Solar energy comes to Earthlings in many ways. Ancient Persians used passive solar architecture. East Africans about the same time funneled cool ocean wind through tunnels to cool themselves.
Now at long last, solar energy is outpacing new fossil fuel and nuclear facilities on price, environmental safety, and speed of installation.
One use of solar that has not received enough attention is drying clothes with clotheslines or clothes racks. Before global warming and our climate crisis became a public concern, some local governments banned backyard clotheslines as community eyesores. Fortunately, 20 states have passed “Right to Dry Laws” that allow people to use this simple low-tech and appropriate technology to reduce fuel consumption.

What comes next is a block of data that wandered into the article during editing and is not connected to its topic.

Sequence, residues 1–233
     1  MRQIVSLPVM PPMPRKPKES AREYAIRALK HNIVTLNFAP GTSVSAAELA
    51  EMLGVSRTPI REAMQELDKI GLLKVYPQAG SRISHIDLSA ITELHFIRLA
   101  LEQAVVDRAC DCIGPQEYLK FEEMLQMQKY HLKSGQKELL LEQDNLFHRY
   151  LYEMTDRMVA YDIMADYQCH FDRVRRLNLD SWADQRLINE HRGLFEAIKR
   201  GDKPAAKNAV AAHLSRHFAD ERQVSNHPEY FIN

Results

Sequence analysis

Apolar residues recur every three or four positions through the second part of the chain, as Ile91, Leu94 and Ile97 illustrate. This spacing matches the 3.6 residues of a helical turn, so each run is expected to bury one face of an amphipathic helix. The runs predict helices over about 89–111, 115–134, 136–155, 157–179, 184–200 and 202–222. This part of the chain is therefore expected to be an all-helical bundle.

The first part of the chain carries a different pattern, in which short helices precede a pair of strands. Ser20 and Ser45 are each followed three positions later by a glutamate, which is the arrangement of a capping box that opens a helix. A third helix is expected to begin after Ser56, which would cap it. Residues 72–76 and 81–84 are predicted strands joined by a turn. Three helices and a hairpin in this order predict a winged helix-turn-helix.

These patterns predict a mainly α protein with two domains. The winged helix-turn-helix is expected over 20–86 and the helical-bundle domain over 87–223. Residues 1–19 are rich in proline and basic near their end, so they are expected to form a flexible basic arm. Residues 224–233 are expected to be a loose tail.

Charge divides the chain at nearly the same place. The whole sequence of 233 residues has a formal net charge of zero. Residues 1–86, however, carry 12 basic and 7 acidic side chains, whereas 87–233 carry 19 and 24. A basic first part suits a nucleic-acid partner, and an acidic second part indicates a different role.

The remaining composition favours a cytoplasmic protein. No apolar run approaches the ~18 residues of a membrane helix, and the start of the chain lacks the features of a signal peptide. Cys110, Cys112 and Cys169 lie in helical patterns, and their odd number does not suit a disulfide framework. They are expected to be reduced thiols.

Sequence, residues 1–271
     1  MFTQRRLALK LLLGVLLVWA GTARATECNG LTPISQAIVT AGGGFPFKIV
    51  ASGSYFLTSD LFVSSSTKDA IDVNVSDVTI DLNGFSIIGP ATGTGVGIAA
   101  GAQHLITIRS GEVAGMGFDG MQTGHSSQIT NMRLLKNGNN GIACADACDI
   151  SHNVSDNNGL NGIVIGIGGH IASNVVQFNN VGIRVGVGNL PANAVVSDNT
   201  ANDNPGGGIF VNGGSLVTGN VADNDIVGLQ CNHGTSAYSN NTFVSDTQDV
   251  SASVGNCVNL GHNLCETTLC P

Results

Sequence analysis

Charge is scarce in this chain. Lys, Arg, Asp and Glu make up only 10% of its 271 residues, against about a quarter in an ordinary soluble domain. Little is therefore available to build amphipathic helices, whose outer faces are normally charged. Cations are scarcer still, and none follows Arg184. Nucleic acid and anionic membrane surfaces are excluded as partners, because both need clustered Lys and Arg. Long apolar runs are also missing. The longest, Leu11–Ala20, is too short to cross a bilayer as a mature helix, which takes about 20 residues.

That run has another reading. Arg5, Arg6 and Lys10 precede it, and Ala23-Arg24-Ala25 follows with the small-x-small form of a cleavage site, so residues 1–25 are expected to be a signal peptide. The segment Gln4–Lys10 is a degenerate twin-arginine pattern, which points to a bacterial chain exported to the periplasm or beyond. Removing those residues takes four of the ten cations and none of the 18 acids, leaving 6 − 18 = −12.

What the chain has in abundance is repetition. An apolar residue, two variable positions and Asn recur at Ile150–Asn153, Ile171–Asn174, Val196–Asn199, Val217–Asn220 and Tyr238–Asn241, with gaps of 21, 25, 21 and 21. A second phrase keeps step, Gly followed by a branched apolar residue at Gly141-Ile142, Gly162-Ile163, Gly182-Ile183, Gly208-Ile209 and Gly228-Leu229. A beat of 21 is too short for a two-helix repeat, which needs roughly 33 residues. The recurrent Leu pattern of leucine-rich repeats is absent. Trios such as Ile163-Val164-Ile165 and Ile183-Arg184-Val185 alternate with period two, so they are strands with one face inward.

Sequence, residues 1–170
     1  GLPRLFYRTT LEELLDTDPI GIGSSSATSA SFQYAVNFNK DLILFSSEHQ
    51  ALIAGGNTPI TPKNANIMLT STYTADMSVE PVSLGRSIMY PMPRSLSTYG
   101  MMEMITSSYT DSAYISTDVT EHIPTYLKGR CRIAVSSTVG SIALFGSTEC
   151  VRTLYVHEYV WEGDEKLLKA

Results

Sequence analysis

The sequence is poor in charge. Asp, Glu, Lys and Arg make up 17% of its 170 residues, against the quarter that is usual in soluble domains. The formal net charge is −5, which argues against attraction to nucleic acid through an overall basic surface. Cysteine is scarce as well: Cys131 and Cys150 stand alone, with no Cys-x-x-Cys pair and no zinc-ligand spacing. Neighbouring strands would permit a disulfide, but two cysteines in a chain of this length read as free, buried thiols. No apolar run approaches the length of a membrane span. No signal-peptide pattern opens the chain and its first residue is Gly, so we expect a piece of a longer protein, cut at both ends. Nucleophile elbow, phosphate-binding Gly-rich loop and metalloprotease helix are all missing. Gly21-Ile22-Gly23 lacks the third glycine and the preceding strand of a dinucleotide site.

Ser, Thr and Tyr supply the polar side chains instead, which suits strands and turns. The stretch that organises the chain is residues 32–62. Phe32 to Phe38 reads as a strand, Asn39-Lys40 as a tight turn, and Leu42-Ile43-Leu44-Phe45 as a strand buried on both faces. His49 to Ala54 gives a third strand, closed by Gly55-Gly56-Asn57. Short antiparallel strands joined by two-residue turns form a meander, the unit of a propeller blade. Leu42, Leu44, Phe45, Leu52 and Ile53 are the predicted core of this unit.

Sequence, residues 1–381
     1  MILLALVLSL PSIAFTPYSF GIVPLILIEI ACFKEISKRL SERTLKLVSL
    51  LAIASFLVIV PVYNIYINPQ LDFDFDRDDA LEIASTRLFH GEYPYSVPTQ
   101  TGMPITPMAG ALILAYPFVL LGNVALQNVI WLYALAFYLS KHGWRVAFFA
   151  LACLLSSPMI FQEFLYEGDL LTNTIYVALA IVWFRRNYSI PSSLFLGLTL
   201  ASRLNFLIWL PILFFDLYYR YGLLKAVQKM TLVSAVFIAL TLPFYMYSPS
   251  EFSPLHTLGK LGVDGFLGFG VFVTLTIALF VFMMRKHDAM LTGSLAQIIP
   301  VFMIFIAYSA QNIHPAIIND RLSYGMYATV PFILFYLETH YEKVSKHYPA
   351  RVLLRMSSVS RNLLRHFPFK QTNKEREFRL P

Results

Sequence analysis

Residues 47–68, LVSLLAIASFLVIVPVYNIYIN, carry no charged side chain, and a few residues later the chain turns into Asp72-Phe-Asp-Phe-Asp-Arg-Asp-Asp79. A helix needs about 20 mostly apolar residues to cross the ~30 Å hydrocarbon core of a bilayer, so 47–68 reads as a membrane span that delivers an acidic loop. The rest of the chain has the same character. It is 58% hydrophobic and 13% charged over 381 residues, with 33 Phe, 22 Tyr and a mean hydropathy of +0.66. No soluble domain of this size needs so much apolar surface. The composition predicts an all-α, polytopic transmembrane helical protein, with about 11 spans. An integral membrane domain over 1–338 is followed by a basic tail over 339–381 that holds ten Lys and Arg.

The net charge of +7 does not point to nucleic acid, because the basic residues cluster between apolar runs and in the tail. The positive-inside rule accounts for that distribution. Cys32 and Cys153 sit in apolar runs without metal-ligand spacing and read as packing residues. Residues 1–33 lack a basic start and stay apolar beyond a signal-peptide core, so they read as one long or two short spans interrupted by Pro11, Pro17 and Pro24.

A big booster of hang-drying your laundry is environmentalist Joe Wachunas from Portland, Oregon. Twenty years ago, while traveling as an exchange student in Italy, he learned that only three percent of Italian households owned a dryer. Italians, he noticed, dried their clothes on clotheslines, high-rise balconies, or in open windows catching sun and
— source scheerpost.com | Ralph Nader | Oct 20, 2021